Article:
First, just why did NEHTA not come forward when it became aware of the issue and announce how it was being fixed and just what the ‘root cause’ of the error in the reference table occurring? Was this a deliberate bit of nonsense or does this all reveal some systematic maintenance issues or something else? It is pretty clear the whole thing should never have happened.
Second why did it take a high profile clinician to notice the problem before it became public?
Third just where were the breaks in quality control of the information and how can we all be assured this will not happen again?
Fourth just what other, and how many other, issues with the PCEHR have been identified, quietly fixed and not disclosed? How can we all be sure that clinically relevant issues are being properly addressed and disclosed?
Fifth just why would a health record that is meant to be lifelong be limited to 1000 information elements?
Overall what we see in all this are symptoms of secrecy and mismanagement which are reflective of the very poor governance that has bedevilled the whole project since the get-go. It has been a long running saga of failed delivery and lack of quality, consultation  and transparency.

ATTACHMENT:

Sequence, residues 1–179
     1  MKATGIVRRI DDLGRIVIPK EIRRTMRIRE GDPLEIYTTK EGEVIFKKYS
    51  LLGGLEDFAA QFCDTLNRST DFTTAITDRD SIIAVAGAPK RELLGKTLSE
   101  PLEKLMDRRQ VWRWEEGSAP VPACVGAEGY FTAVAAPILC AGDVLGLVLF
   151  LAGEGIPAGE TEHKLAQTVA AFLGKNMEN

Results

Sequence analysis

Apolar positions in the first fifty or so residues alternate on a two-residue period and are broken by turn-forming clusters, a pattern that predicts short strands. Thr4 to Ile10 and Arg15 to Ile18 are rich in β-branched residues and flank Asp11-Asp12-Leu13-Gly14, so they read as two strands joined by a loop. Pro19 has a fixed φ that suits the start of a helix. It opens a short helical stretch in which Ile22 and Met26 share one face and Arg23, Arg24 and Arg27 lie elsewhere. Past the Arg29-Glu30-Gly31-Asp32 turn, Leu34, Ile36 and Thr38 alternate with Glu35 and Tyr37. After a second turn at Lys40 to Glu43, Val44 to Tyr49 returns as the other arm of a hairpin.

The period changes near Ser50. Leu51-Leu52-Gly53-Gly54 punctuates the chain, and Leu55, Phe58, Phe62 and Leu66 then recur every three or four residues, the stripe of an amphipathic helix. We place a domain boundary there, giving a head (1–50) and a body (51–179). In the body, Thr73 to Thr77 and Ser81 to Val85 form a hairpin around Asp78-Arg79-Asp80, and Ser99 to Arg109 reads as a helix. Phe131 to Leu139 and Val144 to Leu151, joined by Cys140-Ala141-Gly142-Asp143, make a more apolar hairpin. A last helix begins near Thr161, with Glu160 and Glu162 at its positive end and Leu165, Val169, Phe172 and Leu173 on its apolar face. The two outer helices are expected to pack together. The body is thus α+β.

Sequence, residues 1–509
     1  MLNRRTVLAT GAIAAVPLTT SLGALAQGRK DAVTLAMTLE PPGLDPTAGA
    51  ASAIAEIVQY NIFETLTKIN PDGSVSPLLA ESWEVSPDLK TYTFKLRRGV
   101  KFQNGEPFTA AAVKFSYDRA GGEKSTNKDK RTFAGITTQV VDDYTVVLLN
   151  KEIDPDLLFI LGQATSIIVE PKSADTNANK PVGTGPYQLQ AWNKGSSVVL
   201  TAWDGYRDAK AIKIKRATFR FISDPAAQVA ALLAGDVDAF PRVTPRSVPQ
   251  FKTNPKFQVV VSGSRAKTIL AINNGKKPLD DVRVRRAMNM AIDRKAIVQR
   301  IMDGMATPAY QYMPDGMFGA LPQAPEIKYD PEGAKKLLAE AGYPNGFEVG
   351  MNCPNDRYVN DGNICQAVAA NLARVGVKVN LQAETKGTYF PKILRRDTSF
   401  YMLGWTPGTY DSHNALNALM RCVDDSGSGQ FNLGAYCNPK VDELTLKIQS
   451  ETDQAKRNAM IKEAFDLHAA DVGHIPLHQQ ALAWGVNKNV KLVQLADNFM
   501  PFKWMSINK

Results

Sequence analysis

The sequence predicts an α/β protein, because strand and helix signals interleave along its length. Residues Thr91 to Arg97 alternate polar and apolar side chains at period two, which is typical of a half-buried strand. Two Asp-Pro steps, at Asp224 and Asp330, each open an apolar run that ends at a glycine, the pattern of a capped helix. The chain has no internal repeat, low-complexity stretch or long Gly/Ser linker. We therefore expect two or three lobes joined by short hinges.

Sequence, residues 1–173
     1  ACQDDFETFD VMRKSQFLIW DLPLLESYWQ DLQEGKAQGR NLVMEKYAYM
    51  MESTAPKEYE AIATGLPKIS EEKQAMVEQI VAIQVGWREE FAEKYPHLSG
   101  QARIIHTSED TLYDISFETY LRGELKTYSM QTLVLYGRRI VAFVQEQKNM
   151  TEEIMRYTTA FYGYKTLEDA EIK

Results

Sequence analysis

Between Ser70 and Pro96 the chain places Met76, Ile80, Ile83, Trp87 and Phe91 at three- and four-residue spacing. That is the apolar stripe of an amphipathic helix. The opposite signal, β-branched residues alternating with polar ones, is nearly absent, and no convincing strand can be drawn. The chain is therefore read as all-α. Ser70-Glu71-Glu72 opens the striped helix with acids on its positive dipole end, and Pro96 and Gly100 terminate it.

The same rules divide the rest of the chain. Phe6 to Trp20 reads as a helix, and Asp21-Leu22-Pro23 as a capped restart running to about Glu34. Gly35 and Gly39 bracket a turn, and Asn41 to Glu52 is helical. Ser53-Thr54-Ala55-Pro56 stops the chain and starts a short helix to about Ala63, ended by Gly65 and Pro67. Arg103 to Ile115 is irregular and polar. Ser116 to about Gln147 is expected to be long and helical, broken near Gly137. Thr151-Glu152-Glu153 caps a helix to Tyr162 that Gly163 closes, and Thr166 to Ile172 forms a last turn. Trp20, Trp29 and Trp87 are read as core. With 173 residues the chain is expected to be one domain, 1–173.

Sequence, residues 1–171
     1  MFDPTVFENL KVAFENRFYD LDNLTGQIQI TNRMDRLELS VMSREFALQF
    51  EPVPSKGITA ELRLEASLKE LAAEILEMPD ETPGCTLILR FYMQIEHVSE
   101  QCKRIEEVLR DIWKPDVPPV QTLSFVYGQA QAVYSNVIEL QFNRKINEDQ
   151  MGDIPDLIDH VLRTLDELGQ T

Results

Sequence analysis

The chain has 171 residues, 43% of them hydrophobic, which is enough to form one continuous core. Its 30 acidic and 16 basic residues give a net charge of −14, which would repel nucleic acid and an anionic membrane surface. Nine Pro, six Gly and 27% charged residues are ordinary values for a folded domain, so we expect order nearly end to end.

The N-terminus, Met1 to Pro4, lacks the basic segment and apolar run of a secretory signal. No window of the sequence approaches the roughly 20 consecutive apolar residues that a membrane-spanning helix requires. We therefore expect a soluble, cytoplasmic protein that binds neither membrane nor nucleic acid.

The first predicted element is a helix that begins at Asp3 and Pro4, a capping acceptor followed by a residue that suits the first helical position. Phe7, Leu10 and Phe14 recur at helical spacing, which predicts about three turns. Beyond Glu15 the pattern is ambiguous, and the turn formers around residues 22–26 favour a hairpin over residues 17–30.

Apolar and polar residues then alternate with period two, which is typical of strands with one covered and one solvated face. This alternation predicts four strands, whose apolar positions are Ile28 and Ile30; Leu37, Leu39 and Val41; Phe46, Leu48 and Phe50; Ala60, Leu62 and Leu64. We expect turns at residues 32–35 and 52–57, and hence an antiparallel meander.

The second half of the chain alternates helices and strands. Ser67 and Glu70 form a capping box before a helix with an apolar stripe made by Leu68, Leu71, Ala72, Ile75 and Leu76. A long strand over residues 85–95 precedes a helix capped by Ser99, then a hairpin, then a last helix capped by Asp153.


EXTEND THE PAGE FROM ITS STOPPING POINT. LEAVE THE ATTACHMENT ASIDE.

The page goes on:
The time for the full audit of the whole system is surely upon us!


Anonymous said...

So if this is a result of a digital library supplied by NEHTA, which would,mean that it is part of the implemeters toolkits, found under the ehealth reference platform, which there is absolutly nothing wrong with that.

My concern is that the reference platform thing claims to be backed by a lot of expertise technically, it also claims that data is clinically validated.

Q1, whynwould this not have been picked up by testing, surely their use of schematron or other technical testing would have identified this

2. Is this a Freudian slip by those in charge at NeHTA and displays what they jokingly think?

3. Is this a clinically valid swipe at consumers?

Anonymous said...